BK08d

SIMULATIONS

- Problem solving in Role Play situations.

In real life it is often the case that peoples motives are accidentally or deliberately unclear. The messages they transmit are confusing. Every doctor knows the patient who precedes his description of symptoms with "I've only come for a friend who didn't want to come himself but I thought he ought to."Everybody has been involved in situations where they have been taken for somebody else. When the policeman at the door says "The Inspector asked me to call round." don't shout "I didn't do it!" until you are quite sure they have found out. He may only want a contribution to the Benevolent Fund.

Suitably presented, situations which have to be explored before they can be handled can provide stimulating and highly realistic material for advanced level (or at least intermediate level) role plays.

Role cards are necessary, particularly since the roles themselves tend to be relatively detailed. In any event, this is the best way of ensuring that the different actors participate without knowing the details of the other roles. It is best if the teacher does not participate in this kind of activity - the students will get more satisfaction from handling the situation if they know the teacher wasn’t ‘helping’ them.

The fact that there is a problem to be solved in the simulation does not mean the participants are in outright opposition. It would not be a good idea to set up a simulation where one student comes out the ‘winner’; automatically there would also be a ‘loser’ and he might end up traumatised. It is no good setting up a situation where there is no room for agreement. The principal difference between a ‘Simulation’ and a ‘Role Play’ is that each participant is aware only of his own role. He can, of course, make suppositions about the roles of the other participants. That, after all is how life works; the bank clerk says " next please " and is attuned already to hearing, " I’d like to cash this .... ". The one hundred thousandth customer who says " Your money or your life! " is likely to be quite simply misunderstood on his first approach. I once read of a notable going down yet another line of other, lesser, notables shaking hands. It was a familiar task for him and, to break the monotony he replaced his usual platitudes with a gently smiled, " I killed my grandmother this morning .". Nobody noticed.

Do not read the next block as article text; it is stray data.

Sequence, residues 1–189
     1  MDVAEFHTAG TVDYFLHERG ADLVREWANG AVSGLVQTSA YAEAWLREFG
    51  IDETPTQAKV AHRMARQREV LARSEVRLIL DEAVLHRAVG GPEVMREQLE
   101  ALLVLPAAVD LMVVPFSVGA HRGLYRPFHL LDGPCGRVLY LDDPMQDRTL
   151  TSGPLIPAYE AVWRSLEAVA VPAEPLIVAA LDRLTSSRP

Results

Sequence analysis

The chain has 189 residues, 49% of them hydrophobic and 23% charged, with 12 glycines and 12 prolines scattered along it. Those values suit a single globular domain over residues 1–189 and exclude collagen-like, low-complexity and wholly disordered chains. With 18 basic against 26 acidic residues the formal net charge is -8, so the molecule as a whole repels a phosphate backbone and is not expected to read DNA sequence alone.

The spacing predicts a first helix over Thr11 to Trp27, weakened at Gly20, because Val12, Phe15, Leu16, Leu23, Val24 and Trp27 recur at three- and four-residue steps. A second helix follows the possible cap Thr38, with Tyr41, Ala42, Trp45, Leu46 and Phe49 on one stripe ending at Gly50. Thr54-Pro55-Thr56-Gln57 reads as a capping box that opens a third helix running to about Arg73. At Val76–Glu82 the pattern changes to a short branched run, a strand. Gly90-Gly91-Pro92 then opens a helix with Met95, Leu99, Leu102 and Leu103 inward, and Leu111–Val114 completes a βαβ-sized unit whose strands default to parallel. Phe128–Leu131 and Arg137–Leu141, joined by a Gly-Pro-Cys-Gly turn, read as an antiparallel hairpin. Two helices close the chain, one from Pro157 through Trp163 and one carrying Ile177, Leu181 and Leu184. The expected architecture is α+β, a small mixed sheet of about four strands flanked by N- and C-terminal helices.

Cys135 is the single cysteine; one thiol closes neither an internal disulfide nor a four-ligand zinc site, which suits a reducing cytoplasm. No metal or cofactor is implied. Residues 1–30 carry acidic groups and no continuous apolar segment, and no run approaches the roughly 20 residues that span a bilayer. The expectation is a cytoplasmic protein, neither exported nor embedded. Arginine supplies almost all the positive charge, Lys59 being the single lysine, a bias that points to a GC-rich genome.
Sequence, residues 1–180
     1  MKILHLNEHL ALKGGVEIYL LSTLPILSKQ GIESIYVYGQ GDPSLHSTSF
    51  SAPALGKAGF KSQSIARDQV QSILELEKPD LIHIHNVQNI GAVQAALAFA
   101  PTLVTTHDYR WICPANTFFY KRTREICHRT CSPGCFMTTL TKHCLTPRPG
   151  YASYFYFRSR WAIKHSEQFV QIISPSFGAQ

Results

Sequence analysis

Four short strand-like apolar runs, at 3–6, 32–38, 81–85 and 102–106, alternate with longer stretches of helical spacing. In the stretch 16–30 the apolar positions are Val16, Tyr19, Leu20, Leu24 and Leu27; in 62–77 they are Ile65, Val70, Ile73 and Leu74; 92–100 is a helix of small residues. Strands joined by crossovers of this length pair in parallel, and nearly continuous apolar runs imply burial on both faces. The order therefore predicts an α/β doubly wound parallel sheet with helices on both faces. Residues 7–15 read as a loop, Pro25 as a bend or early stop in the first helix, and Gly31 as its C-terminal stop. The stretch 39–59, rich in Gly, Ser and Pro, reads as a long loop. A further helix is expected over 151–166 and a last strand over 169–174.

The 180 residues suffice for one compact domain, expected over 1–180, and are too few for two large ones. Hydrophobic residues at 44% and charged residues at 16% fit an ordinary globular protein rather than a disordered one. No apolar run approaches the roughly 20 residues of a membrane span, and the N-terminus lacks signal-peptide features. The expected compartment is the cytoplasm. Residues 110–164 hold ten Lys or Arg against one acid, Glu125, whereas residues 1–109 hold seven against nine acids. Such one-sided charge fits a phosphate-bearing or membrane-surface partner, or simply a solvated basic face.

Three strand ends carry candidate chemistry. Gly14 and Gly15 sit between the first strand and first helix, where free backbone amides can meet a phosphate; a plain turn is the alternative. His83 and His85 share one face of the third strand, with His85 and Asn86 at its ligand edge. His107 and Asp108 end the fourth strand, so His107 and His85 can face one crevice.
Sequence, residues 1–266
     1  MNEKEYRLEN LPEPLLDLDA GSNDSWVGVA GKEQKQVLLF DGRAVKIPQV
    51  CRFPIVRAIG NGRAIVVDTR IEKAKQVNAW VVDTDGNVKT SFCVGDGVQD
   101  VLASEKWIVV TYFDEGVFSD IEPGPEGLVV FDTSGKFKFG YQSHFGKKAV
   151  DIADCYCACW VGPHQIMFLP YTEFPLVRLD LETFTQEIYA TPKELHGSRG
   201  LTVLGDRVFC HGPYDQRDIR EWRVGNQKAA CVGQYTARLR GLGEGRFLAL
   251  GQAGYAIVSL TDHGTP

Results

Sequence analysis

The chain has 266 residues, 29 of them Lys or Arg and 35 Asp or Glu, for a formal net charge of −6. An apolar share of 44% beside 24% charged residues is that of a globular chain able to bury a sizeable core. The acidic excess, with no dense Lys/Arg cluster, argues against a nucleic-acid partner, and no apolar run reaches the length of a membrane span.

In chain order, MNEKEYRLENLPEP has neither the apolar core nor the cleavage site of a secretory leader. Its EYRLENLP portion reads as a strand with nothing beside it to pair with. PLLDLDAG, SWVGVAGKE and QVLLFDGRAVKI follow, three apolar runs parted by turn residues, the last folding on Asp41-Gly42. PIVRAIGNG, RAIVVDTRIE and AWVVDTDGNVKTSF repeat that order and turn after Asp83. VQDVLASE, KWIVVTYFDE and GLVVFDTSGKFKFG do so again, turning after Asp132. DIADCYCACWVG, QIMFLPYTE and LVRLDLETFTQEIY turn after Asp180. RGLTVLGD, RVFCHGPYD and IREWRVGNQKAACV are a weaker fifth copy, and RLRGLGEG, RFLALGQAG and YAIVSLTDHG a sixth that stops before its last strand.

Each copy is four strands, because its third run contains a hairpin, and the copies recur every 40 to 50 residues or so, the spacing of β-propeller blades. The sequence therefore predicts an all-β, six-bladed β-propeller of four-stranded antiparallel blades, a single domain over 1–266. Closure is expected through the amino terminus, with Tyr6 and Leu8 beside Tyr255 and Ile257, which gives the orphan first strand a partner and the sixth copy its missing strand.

UNFINISHED

Return